The young people of the world have a message for adults, and this Friday (March 15) they will go on strike to make sure their views on climate change are heard. Tens of thousands of students from more than 80 countries and territories - including the United States, Malaysia and Hong Kong - plan to skip school that day to urge adults to treat climate change as a crisis, and for governments to take action now.
The global youth movement was kick-started last year by Swedish teenager Greta Thunberg, who had refused to go to school in order to pressure her government to take more drastic climate action. Her move has inspired many other young people to do the same.
Friday's protest, however, is the first global one, with students around the world expected to take part.
This is of course nothing that I expected, Greta admitted. None of this would have happened without all the channels of the global environmental community. Millions of people have been fighting for the climate for decades, and without them nothing would have happened.
Young people point to several reasons for their anger: The raft of recent scientific reports highlighting the perils of unabated global warming for future generations, and the inaction when it comes to implementing available climate solutions.
American teen Kate Anchondo, who is organizing a school strike in San Diego, California, said: I am worried, and angry that we let it get this far. The science has been clear for a really long time, but we've never really faced the issue head on.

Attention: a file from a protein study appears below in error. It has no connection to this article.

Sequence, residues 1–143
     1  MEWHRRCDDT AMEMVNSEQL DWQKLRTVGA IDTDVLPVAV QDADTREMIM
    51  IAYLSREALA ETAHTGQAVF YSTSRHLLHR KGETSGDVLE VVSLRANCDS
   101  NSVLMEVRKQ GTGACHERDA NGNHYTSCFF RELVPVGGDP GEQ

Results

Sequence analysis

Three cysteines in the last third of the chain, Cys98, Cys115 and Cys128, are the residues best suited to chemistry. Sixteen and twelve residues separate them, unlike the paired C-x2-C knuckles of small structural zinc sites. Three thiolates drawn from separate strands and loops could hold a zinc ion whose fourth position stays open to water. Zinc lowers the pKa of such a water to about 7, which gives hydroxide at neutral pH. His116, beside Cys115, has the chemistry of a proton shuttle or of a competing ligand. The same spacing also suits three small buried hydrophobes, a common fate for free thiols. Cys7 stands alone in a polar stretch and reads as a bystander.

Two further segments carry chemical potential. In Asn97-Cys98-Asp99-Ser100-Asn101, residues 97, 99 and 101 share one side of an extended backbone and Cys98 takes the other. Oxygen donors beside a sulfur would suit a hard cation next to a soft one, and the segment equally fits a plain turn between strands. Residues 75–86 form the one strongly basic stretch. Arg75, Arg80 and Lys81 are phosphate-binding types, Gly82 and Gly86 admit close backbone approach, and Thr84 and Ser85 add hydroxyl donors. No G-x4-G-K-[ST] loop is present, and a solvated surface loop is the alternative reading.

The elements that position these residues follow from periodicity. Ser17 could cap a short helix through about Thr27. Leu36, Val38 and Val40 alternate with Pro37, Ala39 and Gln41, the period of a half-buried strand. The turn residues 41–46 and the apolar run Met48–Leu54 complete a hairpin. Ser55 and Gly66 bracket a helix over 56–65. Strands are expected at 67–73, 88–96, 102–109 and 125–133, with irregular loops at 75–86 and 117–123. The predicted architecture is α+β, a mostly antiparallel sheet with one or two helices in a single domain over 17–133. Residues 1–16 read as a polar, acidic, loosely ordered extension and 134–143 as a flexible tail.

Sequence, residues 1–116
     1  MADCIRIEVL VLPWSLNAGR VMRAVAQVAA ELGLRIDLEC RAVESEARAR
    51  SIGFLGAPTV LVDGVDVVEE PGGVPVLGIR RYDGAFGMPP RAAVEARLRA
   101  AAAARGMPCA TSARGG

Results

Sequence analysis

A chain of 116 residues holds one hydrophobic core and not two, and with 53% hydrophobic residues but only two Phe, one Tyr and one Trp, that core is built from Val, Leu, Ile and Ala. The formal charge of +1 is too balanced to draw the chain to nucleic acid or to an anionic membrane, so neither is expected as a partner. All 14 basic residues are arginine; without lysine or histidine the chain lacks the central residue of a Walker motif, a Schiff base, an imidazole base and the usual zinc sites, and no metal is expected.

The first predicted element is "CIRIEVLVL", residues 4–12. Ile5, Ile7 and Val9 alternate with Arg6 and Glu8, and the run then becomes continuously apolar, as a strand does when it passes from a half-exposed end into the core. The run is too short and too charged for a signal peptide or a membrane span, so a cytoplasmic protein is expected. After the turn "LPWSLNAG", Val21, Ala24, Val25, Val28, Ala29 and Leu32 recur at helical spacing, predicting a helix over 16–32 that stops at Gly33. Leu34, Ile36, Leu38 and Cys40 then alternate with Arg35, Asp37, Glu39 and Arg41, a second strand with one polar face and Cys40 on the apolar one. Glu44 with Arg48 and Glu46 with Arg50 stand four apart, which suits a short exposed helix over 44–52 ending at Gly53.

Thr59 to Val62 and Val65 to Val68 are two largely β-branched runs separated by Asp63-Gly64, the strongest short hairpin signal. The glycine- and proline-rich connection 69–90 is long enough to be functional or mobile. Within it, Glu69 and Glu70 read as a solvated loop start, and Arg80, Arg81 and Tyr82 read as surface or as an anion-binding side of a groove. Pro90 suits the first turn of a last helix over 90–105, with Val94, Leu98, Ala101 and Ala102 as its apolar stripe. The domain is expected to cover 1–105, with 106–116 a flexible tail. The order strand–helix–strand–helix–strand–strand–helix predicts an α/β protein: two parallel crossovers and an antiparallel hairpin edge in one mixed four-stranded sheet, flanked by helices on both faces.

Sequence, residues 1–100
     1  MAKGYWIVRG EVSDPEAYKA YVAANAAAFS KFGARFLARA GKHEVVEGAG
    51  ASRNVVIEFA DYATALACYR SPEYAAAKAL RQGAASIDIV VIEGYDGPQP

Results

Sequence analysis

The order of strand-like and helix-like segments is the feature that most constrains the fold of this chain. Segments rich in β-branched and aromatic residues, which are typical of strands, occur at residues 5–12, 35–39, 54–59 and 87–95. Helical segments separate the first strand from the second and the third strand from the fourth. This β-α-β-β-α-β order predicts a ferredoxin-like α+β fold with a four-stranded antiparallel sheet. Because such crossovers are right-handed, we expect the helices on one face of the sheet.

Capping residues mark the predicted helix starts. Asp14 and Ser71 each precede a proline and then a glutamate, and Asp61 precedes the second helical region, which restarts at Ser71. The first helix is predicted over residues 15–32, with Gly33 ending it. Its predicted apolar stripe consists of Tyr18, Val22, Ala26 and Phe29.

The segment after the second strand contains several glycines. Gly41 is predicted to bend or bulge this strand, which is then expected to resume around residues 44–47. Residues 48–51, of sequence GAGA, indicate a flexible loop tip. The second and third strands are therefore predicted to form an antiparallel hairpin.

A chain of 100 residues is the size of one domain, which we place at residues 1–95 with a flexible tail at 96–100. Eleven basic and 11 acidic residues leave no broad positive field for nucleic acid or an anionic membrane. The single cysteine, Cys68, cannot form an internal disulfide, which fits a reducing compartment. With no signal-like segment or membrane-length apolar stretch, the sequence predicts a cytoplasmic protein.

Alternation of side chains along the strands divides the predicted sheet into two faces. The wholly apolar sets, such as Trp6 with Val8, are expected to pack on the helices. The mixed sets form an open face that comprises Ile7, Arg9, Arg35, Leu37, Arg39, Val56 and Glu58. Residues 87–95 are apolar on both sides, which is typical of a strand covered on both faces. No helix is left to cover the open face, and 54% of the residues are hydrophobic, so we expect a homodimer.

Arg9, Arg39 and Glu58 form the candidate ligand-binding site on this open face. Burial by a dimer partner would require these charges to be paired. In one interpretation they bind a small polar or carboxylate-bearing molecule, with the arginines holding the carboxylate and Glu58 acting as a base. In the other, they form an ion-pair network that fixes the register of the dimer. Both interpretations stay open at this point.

Speaking to on Sunday near Chula Vista City Hall, where Friday's strike will be held, Kate pointed to a recent report by the Intergovernmental Panel on Climate Change (IPCC) as an urgent call to action.
The IPCC report, released last October, highlighted the differences between the impact of a 1.5 deg C global warming scenario and a 2 deg C one, with the latter having catastrophic effects on earth systems, human livelihoods and biodiversity.
The report also laid out pathways for nations to keep warming to the lower limit, but these involve drastic action to cut fossil fuel use and major changes to lifestyles and habits.
If we act by ourselves, there is limited impact. But striking as a whole nation, as a whole bunch of youth from all over the world, creates a very strong message. It makes the adults face the issue and hopefully prompt them to do something about it, said Kate, whose parents are supportive of her plans to strike.